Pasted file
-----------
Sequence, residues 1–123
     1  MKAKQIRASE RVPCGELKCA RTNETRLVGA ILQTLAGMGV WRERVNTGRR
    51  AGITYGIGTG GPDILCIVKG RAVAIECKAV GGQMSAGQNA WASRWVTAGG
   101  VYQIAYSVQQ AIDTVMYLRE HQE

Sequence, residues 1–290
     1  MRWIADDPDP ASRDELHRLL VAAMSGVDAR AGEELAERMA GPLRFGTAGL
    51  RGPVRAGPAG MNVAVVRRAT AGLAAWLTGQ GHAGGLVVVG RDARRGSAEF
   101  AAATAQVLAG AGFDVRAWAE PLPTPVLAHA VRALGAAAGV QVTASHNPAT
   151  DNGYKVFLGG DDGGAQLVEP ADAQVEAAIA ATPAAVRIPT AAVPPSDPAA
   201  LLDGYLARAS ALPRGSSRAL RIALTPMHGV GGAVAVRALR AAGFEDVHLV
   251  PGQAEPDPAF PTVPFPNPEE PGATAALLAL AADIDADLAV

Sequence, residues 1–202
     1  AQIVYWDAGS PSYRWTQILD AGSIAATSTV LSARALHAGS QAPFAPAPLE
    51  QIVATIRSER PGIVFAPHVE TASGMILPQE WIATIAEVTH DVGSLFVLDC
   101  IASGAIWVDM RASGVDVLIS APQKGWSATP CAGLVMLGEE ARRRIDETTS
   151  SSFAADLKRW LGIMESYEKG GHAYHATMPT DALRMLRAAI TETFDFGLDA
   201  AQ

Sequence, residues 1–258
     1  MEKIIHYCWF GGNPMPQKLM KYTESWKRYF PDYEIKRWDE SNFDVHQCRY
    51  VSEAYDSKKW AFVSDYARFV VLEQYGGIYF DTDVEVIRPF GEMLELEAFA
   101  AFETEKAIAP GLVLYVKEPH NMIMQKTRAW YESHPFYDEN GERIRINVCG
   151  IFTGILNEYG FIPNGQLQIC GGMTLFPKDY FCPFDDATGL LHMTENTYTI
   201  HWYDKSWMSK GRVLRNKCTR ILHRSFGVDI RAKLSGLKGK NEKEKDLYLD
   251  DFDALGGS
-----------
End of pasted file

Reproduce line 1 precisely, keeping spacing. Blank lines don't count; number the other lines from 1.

Sequence, residues 1–123